Lumber Terminology

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We aim to educate our customers, so we filled our website with sample pictures of (almost) every species, definitions of lumber terminology, and general FAQs. We hope our customers leave with a better understanding of our selection and feel inspired to be begin their next woodworking project.

How to Calculate Board Footage

Board footage is a measure of volume. One board foot is 1” thick by 12” wide by 12” long. To calculate board footage, simply multiply thickness (in inches) by width (in inches rounded to nearest inch) by length (in feet rounded to nearest foot). Take the number produced and divide it by 12. That number is how many board feet that are contained in the board. *It’s also advised to get 10-15% more than you think you’ll need to account for waste.

Example 1:

One board that is 1”x8”x10′

1 x 8 = 8

8 x 10 = 80

80 / 12 = 6.666 board feet rounded to 7 board feet.*

Example 2:

One board that is 2”x8”x10′

2 x 8 = 16

16 x 10 = 160

160 / 12 = 13.333 board feet rounded to 13 board feet.*

Lumber Terminology


The thickness of lumber is measured in increments of 1/4 inch. See the following:

4/4: 1 inch

5/4: 1.25 inches

6/4: 1.5 inches

8/4: 2 inches

10/4: 2.5 inches

12/4: 3 inches

16/4: 4 inches


FAS: this stands for “First and Second”. It is the most common grade for domestic species. This grade allows for very few defects so it is considered high quality.

#1 Common and #2 Common: this grade allows for more defects than FAS and requires additional manufacturing to produce clear cuttings.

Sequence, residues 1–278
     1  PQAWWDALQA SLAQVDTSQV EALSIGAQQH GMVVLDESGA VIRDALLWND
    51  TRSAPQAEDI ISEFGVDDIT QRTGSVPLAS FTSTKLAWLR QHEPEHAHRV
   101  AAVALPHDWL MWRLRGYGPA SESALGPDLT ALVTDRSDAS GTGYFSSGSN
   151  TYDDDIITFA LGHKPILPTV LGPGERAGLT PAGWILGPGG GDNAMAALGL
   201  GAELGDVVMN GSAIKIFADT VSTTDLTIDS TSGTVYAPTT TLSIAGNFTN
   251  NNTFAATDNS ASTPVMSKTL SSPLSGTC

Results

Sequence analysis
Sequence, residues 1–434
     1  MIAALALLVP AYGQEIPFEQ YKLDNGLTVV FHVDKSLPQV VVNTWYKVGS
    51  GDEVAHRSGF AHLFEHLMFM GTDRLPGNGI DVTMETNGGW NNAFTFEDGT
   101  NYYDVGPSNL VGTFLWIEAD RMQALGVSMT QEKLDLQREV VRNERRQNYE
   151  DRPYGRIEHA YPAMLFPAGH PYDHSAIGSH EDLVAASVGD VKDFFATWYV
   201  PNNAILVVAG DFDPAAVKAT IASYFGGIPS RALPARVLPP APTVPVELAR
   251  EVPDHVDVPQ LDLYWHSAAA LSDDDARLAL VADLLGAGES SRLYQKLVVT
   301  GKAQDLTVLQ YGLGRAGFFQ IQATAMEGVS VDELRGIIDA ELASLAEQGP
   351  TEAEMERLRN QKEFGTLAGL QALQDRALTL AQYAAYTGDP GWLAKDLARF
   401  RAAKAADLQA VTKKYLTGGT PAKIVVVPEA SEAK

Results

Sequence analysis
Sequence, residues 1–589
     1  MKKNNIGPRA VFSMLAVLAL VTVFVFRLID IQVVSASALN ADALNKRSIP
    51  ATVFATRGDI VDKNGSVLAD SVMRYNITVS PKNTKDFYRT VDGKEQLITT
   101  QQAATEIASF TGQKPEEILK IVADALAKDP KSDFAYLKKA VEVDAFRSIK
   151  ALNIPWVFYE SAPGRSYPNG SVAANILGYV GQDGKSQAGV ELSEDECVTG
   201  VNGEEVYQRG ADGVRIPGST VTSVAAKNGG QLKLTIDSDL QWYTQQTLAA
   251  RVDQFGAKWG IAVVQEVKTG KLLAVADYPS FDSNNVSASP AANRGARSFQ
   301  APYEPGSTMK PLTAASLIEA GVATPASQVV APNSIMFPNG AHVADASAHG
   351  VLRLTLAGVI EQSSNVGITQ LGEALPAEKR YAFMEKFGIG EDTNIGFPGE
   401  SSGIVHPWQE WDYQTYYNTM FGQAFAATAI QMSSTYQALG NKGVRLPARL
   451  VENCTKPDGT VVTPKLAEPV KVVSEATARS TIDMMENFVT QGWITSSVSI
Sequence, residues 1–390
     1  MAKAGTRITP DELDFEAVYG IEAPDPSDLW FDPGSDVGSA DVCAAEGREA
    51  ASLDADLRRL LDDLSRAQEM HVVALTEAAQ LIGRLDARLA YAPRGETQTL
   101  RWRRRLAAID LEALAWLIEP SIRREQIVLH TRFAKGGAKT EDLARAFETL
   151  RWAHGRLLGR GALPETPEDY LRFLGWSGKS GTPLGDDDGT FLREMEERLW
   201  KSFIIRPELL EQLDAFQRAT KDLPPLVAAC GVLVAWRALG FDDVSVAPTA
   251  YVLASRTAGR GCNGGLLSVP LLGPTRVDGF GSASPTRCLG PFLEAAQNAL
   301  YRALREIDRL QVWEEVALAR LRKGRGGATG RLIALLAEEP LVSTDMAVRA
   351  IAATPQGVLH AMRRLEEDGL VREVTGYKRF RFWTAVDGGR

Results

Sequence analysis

Other Terms

Quartersawn (QTR): a method of cutting that produces straight grain patterns and normally increases stability.

S1S (Surfaced 1 Side): surfacing one face of the board.

S2S (Surfaced 2 Sides): surfacing both faces of the board.

S3S (Surfaced 3 Sides): surfacing both faces of the board and ripping one edge.

S4S (Surfaced 4 Sides): surfacing both faces of the board and ripping both edges.

Ambrosia: most common in soft maple, this grade refers to a type of visible fungus left by beetles that bore in the live wood. The kiln-drying process removes all the beetles from the wood but leaves the unique ambrosia pattern.

Curly: caused by internal pressure usually found under a branch or knot, this gives the lumber a beautiful wavy look.

Pecky: refers to long divots or holes found in cypress produced by a fungus while the tree is alive.

Rustic: a proprietary grade used in retail sales that refers to natural characteristics still being present such as tight knots and color variation.

Green Lumber: lumber that has recently been cut and has not been dried so it still has a high moisture content.

Air-Drying: the process that naturally removes a majority of moisture from fresh cut lumber by leaving it exposed to the open air for an extended period of time. This is the first step in processing lumber.

Kiln-Drying: the process that removes moisture from air-dried wood. This process is the second step in drying lumber and mitigates moisture related problems such as warping and twisting.